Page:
This time, they will help the scientists by making a real-
sized model of a T. rex skull, based on Stan – one of three
near-complete Tyrannosaurus fossils ever found.
The model must be strong, because fossils proved that
when eating, T. rex can rip through bones.
So it will be made from pure steel.
Still, the technicians have to know how much force the jaws
have in order to move the models.
From the skeletons, the scientists know that T. rex have
huge jaw muscles. But before they test on whether T. rex
was powerful enough to take on a living Triceratops, they
must know exactly how strong these muscles were.
So they used crocodiles as a basis.
Crocodiles and alligators have the strongest bite than any
other living things. They’re also among T. rex’s closest living
relatives.
Greg Erickson calculates, that if he can get the force
amount of a croc bite, he can scale it up to get the power of
T. rex’s bite.
So, Greg hitches a ride with the Florida Alligator Control
who was hoping to catch the wild gator that ate local dogs.
By the night, they started the hunt. After some chilling
silence and some death roll struggles, they finally managed
to get a 12 ft long and 450 pound heavy alligator (that’s the
same weight as 3 men!).
This wild beast is a perfect subject for Greg’s test. All he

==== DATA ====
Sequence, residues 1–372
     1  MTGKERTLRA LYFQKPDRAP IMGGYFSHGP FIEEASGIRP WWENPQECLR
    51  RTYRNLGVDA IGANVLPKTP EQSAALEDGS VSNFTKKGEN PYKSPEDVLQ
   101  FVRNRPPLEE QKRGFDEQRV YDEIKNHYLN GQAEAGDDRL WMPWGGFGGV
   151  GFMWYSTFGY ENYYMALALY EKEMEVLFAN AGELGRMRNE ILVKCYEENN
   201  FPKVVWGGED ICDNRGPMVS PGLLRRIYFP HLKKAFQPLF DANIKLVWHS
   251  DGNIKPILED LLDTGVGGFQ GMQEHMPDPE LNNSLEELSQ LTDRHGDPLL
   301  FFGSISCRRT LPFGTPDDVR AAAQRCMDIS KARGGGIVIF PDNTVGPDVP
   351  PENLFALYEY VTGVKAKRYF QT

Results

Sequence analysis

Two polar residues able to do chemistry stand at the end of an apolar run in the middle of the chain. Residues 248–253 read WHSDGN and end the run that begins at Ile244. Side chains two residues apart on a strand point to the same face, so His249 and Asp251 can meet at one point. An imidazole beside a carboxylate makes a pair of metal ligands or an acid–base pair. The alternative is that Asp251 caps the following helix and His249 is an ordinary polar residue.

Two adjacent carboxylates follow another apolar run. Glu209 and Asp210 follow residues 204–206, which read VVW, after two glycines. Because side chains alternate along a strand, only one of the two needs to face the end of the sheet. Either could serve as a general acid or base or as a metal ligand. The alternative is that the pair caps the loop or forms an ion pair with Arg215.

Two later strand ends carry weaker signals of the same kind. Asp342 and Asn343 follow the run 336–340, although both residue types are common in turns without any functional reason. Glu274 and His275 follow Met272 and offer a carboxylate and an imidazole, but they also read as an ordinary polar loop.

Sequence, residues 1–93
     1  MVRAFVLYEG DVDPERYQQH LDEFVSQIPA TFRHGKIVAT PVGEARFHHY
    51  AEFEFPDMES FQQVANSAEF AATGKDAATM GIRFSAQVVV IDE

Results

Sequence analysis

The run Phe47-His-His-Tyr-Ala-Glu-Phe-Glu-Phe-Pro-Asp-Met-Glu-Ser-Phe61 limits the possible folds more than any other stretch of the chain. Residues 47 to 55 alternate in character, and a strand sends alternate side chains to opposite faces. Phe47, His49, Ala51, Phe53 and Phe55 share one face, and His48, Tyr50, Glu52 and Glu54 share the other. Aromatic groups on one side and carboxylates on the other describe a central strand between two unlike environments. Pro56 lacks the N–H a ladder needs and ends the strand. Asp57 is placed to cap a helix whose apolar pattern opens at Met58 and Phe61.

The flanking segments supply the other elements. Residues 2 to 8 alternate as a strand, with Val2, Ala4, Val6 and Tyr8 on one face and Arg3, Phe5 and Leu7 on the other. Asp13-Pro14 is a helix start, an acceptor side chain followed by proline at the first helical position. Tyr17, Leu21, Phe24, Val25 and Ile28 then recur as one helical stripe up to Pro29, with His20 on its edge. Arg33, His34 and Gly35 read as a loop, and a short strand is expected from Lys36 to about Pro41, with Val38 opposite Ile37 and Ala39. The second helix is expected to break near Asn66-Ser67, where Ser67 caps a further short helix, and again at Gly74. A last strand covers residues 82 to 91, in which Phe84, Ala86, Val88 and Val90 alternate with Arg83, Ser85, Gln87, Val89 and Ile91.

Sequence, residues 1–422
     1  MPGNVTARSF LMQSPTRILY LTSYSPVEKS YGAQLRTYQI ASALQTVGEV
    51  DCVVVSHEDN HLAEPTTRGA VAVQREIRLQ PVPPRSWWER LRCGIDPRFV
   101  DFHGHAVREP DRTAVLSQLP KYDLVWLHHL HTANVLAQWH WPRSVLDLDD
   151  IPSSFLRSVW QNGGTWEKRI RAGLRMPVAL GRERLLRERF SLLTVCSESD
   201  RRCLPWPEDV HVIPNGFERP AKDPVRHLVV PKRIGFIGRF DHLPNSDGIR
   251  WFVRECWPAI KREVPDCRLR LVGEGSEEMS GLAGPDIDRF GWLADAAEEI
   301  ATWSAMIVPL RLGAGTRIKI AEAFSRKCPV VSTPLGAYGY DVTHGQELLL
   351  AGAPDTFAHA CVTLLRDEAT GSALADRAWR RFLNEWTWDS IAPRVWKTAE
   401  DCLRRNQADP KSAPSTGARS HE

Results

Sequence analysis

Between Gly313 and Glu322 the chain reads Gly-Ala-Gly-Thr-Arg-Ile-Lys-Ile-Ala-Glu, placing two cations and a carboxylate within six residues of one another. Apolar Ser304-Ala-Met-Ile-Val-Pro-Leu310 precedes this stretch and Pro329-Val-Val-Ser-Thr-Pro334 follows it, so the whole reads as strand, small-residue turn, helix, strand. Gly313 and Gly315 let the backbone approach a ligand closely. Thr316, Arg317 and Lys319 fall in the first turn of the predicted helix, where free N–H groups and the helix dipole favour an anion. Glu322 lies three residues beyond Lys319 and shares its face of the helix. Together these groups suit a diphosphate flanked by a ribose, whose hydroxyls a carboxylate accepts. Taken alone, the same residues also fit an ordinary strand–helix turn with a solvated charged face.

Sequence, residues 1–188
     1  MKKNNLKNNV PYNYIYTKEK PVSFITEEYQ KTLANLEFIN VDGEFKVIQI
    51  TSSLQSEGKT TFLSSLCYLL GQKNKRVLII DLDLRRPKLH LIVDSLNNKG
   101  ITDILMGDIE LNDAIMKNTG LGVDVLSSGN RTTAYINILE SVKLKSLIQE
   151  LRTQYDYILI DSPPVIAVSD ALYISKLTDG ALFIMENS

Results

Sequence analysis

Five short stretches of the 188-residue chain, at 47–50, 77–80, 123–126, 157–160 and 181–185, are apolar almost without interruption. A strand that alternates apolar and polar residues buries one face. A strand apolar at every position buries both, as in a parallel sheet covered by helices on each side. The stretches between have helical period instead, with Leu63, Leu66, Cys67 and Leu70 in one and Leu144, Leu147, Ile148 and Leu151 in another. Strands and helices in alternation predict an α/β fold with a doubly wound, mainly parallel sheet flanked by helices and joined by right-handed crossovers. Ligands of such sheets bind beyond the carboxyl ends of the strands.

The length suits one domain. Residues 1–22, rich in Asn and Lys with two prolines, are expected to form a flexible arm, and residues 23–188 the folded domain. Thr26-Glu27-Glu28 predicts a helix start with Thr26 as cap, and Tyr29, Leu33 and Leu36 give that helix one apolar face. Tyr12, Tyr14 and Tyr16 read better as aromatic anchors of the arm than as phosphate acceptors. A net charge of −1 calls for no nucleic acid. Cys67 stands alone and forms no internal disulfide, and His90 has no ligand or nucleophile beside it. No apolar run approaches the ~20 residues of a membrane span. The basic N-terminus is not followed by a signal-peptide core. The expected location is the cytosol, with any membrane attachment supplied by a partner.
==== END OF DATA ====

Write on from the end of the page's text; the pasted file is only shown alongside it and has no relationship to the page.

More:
had to do is to insert the measuring device in the right place.
“Ooh! Nice bite,” he said when the crocodile bit the device.
“2.209 pounds in a bite. 1 ton.”
Now, Greg can calculate the 1 ton measurement to find T.
rex’s bite force.
After 3 months of planning and pinpoint accurate scientific
calculations, the bio-mechanical T. rex is ready to test.
Based on his work on the alligators, Greg has calculated
that T. rex would’ve got a bite force for at least 4 tons. The
model of the skull had to be so strong, that the only way to
replicate it is by using steel. While the enormous bite power
is preserved by a hydraulic piston.
For the test, Greg uses a part of cow’s leg bone. He placed
it on the bio-mech jaw, and the bite force 8 times stronger
than a lion completely pulverizes the bone.
This dinosaur could definitely deliver a killer bite. However,
this test still doesn’t prove that T. rex really did attack
Triceratops. But amazingly, the fossil evidence does exist!